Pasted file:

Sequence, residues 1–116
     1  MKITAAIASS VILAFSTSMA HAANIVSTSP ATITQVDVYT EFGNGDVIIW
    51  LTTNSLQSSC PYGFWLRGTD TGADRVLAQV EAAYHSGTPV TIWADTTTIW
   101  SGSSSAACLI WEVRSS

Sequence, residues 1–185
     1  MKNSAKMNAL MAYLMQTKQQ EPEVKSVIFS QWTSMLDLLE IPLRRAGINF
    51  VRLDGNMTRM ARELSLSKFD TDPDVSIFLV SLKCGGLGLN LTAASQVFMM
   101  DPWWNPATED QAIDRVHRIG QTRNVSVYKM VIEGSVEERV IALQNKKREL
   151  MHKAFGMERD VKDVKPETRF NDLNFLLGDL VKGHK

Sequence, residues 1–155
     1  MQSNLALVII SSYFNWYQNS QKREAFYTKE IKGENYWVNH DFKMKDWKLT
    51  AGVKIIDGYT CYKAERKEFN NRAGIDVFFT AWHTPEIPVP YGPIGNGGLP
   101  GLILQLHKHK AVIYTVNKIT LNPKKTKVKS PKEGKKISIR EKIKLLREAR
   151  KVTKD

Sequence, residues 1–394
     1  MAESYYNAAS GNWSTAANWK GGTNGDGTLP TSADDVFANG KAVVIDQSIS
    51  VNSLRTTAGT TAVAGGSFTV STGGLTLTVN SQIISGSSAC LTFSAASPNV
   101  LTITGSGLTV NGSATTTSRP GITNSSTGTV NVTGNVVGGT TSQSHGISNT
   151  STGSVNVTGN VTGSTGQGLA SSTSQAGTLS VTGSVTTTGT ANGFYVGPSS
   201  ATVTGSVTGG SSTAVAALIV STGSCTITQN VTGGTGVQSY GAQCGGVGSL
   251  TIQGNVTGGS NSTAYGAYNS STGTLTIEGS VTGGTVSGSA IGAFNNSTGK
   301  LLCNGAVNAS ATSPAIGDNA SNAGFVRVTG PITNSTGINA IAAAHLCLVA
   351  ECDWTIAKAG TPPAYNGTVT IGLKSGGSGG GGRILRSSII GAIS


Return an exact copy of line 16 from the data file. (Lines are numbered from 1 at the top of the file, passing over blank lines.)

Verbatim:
     1  MAESYYNAAS GNWSTAANWK GGTNGDGTLP TSADDVFANG KAVVIDQSIS